New ‘Muslim Fantasy Fabric’ is Better than Gore-Tex
It’s Summer and hot as hell getting hotter, and people are flinging off as many clothes as they possibly can – including me. Although perhaps you couldn’t tell, since I can’t fling off quite as much as most people. But trust me, when you catch me in July, I’m wearing as little as possible (oo-er)(oh stop it!).
For a Muslim woman, what we wear is perhaps most on our minds at times like this. When you walk around thinking, ‘oh God I don’t want to wear ANYTHING’, it’s definitely the sign of a troubled mind.
In the fantasy world that exists in my head, I imagine scientists – the same scientists who developed Gore-Tex and neoprene – would be given massive government private grants to develop a fabric that while durable, opaque and flowing, would also have cooling technology, absorb sweat and have built-in deodorising properties. About half a billion women in the world could be very very interested in that.*
I would pay at least £40 (what? that’s a LOT of money to me) for a jilbab that did all that. And I bet it would take off with non-Muslims, too – it’d be a real alternative to no few clothes, and really, if you’re given the choice of not wearing clothes in the pursuit of cool, or wearing clothes that actively keep you cool AND protect your skin from the ravages of pollution, UV rays, people spraying miscellaneous fluids like saliva on you, and alien mind-control, what would you choose? Really? REALLY?
Rudely interrupting this sophisticated and complex daydream of a better world, enter…hijabistas.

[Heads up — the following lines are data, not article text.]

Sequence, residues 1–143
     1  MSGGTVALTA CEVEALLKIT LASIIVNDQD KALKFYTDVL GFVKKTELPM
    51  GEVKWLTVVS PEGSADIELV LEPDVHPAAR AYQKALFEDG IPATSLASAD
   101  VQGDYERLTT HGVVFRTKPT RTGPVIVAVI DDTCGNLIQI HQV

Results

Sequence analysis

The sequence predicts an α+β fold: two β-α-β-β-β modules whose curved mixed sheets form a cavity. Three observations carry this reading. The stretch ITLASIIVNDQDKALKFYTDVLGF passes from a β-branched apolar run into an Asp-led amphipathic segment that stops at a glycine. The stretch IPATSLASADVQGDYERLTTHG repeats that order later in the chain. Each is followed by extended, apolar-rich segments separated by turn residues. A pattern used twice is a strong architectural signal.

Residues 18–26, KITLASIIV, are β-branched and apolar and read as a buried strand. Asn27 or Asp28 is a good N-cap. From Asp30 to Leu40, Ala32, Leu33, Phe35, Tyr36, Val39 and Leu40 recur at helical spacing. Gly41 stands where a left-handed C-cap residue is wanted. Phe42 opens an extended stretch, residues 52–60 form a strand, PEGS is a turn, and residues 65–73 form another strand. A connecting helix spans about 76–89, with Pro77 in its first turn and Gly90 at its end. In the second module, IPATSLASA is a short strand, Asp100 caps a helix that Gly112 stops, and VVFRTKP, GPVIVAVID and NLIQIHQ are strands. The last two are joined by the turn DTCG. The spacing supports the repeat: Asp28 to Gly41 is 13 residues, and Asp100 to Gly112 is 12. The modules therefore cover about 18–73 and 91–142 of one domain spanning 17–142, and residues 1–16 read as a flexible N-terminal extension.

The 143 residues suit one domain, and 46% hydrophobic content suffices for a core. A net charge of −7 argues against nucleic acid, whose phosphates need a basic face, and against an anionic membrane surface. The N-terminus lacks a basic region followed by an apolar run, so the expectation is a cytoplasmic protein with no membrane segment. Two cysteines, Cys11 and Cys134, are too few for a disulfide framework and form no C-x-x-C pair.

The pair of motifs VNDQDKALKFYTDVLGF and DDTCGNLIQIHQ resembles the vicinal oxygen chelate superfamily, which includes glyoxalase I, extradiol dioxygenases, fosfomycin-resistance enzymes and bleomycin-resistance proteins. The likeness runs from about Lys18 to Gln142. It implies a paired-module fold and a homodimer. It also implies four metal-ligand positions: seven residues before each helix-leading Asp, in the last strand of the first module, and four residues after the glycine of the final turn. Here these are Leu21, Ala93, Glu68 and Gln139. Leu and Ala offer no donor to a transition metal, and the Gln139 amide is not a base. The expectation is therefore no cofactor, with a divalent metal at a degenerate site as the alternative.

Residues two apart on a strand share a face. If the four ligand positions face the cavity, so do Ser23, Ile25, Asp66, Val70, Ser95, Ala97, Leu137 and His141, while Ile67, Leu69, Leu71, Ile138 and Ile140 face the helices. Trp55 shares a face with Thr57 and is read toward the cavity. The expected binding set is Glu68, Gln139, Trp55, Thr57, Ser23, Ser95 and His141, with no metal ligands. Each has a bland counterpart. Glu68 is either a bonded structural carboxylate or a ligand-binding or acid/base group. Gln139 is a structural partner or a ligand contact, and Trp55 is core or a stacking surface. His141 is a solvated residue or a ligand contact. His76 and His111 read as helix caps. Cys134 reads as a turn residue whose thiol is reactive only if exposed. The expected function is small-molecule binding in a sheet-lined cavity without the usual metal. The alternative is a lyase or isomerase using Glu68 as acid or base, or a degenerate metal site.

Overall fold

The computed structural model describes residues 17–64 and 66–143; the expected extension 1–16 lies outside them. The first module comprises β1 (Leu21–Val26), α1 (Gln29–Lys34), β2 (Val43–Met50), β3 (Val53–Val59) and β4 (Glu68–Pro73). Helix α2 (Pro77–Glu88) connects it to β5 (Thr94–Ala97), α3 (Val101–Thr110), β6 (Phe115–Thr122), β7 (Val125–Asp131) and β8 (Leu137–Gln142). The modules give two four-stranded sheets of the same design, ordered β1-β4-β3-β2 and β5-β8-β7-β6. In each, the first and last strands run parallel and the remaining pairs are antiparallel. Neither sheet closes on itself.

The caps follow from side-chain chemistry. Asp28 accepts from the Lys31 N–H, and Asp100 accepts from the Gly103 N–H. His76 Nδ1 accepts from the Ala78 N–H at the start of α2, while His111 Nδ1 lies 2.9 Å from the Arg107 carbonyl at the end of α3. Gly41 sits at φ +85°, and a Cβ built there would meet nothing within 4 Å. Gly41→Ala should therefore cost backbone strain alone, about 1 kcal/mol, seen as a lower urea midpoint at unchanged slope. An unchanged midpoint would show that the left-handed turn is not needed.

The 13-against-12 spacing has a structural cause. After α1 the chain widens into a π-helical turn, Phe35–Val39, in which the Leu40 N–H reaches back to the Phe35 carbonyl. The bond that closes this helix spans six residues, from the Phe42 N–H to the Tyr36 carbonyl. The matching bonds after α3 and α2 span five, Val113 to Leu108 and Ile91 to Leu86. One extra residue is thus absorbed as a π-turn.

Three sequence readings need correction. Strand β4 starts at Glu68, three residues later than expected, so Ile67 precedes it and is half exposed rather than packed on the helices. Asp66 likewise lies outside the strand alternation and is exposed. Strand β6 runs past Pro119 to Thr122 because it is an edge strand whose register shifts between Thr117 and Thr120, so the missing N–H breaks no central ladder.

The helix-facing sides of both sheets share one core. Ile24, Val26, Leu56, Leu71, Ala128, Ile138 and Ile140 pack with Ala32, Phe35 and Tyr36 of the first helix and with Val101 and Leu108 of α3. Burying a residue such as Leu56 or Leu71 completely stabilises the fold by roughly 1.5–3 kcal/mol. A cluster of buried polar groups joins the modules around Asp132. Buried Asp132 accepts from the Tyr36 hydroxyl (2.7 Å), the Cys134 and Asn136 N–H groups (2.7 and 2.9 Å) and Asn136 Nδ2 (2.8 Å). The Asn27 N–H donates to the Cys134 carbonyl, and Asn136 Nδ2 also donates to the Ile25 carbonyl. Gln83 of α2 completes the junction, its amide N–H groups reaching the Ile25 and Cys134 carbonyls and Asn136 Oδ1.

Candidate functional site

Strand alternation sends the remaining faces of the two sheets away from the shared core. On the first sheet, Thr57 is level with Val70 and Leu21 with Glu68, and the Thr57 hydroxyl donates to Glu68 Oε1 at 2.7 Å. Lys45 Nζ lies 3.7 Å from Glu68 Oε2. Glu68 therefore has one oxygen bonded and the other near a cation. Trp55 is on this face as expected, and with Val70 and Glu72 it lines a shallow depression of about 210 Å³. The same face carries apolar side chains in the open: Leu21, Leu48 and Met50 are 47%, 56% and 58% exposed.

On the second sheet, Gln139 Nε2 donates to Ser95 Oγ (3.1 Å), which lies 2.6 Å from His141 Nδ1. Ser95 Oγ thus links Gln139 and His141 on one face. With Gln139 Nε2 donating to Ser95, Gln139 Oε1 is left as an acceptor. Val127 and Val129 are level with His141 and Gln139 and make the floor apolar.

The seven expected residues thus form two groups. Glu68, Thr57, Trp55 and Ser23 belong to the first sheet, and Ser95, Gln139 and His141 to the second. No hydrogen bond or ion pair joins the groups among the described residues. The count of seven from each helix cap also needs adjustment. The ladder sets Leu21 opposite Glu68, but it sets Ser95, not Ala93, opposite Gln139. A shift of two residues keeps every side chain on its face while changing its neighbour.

I know. I didn’t even know there was such a thing.
The fashionista-hijabi is probably pretty self-explanatory: trendy young women (and older – let’s not be ageist) wearing hip and cool streetflash that allows you to ‘be fashionable and express yourself while keeping your modesty’.
Ignoring for a moment (only for a moment, okay?) my problem with the idea of following fashions, herd-like, at any time, it is with no little dismay that I’ve watched the ‘hijab scene’ develop.
I recognise this is a great way of making hijab an attractive option for young Muslim women, or for anyone turned off by the idea of it, but I wonder whether the fashion of hijab is the beginning of losing its way. The more I read and learn and try to understand, the more I feel that the way I dress – and certainly by association, the way I behave – needs a lot of improvement, and not in the direction of fashion dictates. Hijab has an intrinsic beauty everything to do with what it is, and very little to do with how it looks.